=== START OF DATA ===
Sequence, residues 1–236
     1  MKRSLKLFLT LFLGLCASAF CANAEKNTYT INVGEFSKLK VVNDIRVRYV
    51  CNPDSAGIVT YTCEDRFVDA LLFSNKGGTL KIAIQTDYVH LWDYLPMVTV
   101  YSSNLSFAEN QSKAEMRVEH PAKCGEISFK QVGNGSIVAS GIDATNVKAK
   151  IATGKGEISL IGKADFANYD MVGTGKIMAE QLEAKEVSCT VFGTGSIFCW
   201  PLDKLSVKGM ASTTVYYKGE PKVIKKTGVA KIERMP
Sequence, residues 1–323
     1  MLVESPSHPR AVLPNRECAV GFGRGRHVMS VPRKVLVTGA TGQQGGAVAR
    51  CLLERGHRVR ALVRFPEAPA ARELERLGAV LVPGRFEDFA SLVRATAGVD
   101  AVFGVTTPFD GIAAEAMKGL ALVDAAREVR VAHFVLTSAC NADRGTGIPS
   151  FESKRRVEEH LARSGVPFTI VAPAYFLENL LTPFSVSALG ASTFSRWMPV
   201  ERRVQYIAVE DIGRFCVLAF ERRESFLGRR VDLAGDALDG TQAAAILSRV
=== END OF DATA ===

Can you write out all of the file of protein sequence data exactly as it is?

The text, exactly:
Sequence, residues 1–236
     1  MKRSLKLFLT LFLGLCASAF CANAEKNTYT INVGEFSKLK VVNDIRVRYV
    51  CNPDSAGIVT YTCEDRFVDA LLFSNKGGTL KIAIQTDYVH LWDYLPMVTV
   101  YSSNLSFAEN QSKAEMRVEH PAKCGEISFK QVGNGSIVAS GIDATNVKAK
   151  IATGKGEISL IGKADFANYD MVGTGKIMAE QLEAKEVSCT VFGTGSIFCW
   201  PLDKLSVKGM ASTTVYYKGE PKVIKKTGVA KIERMP
Sequence, residues 1–323
     1  MLVESPSHPR AVLPNRECAV GFGRGRHVMS VPRKVLVTGA TGQQGGAVAR
    51  CLLERGHRVR ALVRFPEAPA ARELERLGAV LVPGRFEDFA SLVRATAGVD
   101  AVFGVTTPFD GIAAEAMKGL ALVDAAREVR VAHFVLTSAC NADRGTGIPS
   151  FESKRRVEEH LARSGVPFTI VAPAYFLENL LTPFSVSALG ASTFSRWMPV
   201  ERRVQYIAVE DIGRFCVLAF ERRESFLGRR VDLAGDALDG TQAAAILSRV